The 1987 hit film Robocop that was remade in 2014 also explored these concepts through the character of Alex Murphy, a Detroit Policeman who after a terrible accident at the hand of criminal gangs (in the 1987 version he is tortured to death, in the 2014 version he is killed in a car bomb) survives by scientists taking the few remaining functional parts of his body, including his brain, and putting it into a machine that endows him with the processing capacity and accuracy of a machine while still remaining at least in part human.

While both versions of Robocop explore the moral and philosophical questions of such a merger, transhumanism, the military-industrial complex warned about by President Eisenhower, and the meaning of life, the 2014 version is particurdlarly interesting because it explores the question of machine versus human decisions about right and wrong and the soul as the central theme of the film.

After Officer Murphy survives the carbomb and is “rebuilt” into the robot, the doctor who oversaw his transformation at the directive of Omincorp, the corporation who sponsored his work, attempts to interfere with his biochemistry in order to make him “less emotional.” This is a critical part, because Omnicorp supported Officer Murphy’s transformation into “robocop” in order to justify putting full-scale military robots on American streets. The film shows this at the very beginning, when Omnicorp build robots are used to assist with an American invasion of Iran and during a broadcast accidentally show a robot massacring a child to the horror of the public.

The result of the modifications is that Officer Murphy becomes like a machine- cold, callous, and ruthlessly hunting down and exterminating criminals based upon the crimes database that has been downloaded into his brain as he screens people against it in realtime, similar to the license plate scanners employed by police today. Crime virtually disappears from Detroit, and then the CEO of Omnicorp, Raymond Sellars (played by Michael Keaton) goes on a popular television show (hosted by Samuel L. Jackson) to boast that this is the reason why more robots are needed and of course, from his corporation. The main character standing in opposition to Omnicorp and Raymond Sellars is a lone Senator who is against the repeal of a law, called the Dreyfus act, which would prevent the use of robots and artificial intelligence in law enforcement.

By the end of the film the President refuses to allow for robots to serve in a law enforcement capacity and Officer Murphy is “decommissioned” as Robocop and slowly “built back” into being a human by the same doctor who helped turn him into a machine, and Omnicorp’s plans for an artificial intelligence police force are foiled, but just barely.

Now film and other forms of art are not real life at the same time real life is not always displayed in art. However, the two often mirror each other, as reality is what one knows to be true based on is senses, while art is the expression of a man’s thoughts through his senses. What these films reflect is the reality of how the military-industrial complex is not something made to dominate far-away peoples in lands many have never heard of, but now rules the lives of ordinary people through the corporate-government partnership.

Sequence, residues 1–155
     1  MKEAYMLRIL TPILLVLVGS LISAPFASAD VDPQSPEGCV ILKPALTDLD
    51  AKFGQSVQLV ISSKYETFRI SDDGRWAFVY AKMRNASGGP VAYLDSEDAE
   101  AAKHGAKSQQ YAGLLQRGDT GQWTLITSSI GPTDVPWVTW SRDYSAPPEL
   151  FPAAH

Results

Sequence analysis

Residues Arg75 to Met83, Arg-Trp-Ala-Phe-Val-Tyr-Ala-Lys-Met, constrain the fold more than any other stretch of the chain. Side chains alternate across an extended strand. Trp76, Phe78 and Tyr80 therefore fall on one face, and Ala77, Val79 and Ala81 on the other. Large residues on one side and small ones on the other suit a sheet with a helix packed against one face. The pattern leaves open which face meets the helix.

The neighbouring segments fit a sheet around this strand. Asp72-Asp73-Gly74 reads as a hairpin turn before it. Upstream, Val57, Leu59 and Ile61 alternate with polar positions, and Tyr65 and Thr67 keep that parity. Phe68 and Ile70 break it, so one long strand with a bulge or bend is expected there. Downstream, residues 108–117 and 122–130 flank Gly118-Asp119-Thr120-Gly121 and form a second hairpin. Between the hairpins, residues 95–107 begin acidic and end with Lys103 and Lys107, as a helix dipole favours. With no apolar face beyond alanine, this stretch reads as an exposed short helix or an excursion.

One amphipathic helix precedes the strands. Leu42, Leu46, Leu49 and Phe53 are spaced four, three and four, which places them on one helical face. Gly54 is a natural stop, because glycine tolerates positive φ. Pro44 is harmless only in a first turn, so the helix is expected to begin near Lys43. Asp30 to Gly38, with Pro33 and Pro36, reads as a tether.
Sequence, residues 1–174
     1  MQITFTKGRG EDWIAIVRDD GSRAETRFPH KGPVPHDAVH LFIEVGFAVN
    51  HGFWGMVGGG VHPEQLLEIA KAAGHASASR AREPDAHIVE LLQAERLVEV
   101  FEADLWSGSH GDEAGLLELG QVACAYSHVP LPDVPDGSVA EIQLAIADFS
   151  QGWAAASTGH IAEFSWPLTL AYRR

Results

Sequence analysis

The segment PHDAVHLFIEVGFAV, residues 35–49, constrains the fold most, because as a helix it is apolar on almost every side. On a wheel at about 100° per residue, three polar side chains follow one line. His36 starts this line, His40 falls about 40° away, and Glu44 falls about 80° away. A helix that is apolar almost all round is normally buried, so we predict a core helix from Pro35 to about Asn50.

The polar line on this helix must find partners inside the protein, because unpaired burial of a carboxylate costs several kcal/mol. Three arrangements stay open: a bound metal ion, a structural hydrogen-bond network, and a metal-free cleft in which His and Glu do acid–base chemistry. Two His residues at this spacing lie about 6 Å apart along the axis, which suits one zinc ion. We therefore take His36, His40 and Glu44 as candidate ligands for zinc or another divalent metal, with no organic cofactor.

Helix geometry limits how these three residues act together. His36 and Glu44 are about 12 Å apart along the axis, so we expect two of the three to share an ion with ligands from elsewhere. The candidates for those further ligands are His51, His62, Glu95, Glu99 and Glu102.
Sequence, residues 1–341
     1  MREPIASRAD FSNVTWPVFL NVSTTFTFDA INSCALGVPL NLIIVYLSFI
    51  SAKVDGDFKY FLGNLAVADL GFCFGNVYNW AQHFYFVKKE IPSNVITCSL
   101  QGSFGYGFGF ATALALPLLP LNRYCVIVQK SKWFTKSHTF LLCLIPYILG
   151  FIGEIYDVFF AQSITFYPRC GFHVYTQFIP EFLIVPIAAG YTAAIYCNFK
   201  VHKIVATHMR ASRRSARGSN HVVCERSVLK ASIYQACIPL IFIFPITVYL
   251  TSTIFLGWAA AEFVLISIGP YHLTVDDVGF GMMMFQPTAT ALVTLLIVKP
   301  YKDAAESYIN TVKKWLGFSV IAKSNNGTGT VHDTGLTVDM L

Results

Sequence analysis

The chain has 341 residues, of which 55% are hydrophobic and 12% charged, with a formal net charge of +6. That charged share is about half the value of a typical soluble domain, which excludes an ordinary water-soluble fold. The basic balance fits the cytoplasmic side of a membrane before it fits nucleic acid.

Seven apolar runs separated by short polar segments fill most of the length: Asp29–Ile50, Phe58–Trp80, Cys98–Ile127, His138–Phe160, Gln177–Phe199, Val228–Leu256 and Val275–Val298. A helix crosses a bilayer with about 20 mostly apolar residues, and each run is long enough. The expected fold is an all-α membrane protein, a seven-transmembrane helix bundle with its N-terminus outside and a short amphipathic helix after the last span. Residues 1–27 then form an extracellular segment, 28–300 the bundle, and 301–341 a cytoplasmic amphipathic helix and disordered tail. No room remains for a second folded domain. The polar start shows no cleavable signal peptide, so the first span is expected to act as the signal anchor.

President Eisenhower’s final address famously warned of the rise of the a “permanent armaments industry,” which he called the “military-industrial complex” (starting at 6:52 to 9:25). But after this famous part of his speech, Eisenhower spoke of something which is not often mentioned, and that is with the rise of this complex also comes a technological revolution of equal danger:

Akin to, and largely responsible for the sweeping changes in our industrial-military posture, has been the technological revolution during recent decades.

In this revolution, research has become central; it also becomes more formalized, complex, and costly. A steadily increasing share is conducted for, by, or at the direction of, the Federal government.

Today, the solitary inventor, tinkering in his shop, has been overshadowed by task forces of scientists in laboratories and testing fields. In the same fashion, the free university, historically the fountainhead of free ideas and scientific discovery, has experienced a revolution in the conduct of research. Partly because of the huge costs involved, a government contract becomes virtually a substitute for intellectual curiosity. For every old blackboard there are now hundreds of new electronic computers.

The prospect of domination of the nation’s scholars by Federal employment, project allocations, and the power of money is ever present

and is gravely to be regarded. Yet, in holding scientific research and discovery in respect, as we should, we must also be alert to the equal and opposite danger that public policy could itself become the captive of a scientific-technological elite.

It is the task of statesmanship to mold, to balance, and to integrate these and other forces, new and old, within the principles of our democratic system — ever aiming toward the supreme goals of our free society. (source)